The Museum of Natural History’s waxworks collection is famous throughout the world for its exceptional craftsmanship and extraordinary realism.
The master modellers, who were true artists, worked the wax with formidable skill, managing to reproduce full bodies and anatomical parts with a wealth of details that still arouse wonder.
People such as Gaetano Giulio Zumbo, Clemente Susini, Francesco Calenzuoli, Giuseppe Ricci, Luigi Calamai and Egisto Tortori produced a large number of waxworks dedicated to anatomy, pathology and comparative anatomy between the end of the 17th century and the middle of the 19th century.
The works of the Florentine wax modelling school were so popular they were requested by other Italian and European museums, ending up in Cagliari, Bologna, Pisa, Pavia, Modena, Montpellier, Budapest, Leiden and Vienna.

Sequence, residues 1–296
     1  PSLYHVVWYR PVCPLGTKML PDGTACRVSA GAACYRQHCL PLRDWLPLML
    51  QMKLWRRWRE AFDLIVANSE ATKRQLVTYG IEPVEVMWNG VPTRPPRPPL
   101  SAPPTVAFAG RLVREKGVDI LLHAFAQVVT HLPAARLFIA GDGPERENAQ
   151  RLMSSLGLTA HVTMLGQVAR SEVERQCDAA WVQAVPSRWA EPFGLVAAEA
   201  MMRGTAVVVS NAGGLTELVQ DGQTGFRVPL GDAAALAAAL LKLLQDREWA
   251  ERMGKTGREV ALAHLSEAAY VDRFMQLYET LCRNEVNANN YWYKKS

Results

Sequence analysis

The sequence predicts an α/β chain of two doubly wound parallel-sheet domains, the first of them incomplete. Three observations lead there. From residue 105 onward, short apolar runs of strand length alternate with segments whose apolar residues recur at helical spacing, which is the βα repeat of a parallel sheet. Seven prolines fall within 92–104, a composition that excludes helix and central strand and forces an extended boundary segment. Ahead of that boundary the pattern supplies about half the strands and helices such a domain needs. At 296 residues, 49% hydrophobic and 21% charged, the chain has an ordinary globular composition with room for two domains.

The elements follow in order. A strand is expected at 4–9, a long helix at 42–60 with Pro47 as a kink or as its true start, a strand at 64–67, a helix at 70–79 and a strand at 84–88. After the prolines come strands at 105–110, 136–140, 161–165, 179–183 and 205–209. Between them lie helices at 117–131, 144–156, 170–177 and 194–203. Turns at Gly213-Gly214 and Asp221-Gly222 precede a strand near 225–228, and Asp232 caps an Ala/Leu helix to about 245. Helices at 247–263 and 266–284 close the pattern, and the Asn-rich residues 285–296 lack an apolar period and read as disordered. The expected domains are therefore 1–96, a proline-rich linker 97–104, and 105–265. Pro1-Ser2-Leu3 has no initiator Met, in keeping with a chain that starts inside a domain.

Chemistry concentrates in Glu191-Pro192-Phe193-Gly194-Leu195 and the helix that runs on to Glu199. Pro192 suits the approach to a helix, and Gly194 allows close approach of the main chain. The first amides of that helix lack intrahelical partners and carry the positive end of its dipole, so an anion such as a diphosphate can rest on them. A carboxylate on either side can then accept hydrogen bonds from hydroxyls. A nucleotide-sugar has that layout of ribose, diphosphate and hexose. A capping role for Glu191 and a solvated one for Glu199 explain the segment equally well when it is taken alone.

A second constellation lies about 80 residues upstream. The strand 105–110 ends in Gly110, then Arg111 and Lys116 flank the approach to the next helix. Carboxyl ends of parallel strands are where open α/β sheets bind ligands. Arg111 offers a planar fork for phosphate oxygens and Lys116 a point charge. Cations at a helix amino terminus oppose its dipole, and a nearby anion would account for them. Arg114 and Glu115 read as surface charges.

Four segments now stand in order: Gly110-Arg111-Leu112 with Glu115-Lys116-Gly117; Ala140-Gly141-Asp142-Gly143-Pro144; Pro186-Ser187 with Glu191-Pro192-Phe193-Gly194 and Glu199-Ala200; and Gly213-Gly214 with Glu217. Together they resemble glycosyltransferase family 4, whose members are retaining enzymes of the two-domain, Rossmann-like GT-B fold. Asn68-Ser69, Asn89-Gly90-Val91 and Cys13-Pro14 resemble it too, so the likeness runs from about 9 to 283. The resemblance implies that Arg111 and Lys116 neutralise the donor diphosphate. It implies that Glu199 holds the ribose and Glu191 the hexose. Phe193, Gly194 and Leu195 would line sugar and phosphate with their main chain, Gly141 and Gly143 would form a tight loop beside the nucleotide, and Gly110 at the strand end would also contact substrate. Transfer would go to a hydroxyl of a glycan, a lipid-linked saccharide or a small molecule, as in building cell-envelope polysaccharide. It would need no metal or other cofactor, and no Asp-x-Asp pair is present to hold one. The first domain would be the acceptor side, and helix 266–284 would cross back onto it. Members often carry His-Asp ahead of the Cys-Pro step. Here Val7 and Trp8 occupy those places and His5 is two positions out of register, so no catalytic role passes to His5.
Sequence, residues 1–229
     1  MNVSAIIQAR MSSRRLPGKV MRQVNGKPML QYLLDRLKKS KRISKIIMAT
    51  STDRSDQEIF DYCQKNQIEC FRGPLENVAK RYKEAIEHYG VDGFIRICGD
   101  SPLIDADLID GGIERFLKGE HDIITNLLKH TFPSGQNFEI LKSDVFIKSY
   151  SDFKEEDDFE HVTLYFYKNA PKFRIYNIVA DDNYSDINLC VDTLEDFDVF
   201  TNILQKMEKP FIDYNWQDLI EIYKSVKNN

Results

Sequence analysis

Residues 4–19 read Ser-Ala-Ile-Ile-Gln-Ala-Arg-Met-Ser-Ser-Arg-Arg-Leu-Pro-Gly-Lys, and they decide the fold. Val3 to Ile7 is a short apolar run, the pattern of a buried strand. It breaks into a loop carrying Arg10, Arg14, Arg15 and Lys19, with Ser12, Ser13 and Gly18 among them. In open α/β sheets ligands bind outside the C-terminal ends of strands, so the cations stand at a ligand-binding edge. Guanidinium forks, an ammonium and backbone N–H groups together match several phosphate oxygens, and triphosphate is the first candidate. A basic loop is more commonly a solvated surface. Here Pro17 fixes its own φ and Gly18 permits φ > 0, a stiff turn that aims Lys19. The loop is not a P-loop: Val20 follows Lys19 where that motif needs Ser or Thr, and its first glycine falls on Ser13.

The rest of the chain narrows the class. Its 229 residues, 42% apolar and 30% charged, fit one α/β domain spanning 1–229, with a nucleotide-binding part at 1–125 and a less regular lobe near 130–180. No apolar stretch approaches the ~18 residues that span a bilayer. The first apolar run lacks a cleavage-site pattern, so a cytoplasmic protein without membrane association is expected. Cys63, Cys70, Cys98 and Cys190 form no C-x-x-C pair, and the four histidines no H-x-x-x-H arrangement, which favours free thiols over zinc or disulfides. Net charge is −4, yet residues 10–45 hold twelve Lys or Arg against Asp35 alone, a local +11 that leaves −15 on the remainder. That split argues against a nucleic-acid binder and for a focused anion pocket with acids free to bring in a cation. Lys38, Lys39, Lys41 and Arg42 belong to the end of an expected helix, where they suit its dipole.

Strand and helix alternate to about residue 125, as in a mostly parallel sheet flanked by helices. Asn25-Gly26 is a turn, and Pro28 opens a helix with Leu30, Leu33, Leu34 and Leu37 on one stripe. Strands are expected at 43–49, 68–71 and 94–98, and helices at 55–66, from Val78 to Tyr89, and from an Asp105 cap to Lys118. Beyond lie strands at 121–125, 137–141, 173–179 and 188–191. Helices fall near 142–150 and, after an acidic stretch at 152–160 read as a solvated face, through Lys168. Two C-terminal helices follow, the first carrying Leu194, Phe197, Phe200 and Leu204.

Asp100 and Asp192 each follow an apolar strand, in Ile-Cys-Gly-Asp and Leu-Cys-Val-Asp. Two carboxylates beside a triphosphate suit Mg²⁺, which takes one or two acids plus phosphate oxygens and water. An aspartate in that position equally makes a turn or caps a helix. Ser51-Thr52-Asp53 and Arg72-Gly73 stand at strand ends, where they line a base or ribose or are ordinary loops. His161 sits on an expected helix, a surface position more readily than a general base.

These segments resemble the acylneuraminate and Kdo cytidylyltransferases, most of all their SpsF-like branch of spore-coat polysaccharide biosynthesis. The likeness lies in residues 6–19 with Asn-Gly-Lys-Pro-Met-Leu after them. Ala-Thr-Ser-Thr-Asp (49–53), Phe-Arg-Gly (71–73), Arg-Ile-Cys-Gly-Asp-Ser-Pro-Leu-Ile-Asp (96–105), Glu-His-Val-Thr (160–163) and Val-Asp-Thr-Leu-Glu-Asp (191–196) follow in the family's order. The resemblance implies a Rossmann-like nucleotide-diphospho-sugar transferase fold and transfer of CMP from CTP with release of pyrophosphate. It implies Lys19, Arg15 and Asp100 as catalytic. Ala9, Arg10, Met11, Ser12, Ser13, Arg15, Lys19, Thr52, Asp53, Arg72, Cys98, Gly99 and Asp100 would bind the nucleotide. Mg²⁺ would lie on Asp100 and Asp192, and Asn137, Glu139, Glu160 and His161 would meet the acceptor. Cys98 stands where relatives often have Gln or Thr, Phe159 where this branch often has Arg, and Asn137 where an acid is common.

Indeed, Vienna holds the most important collection after the Florentine one, having been commissioned by Emperor Joseph II of Austria, brother of the Grand Duke Peter Leopold, for the military medical school that bore his name (Josephinum).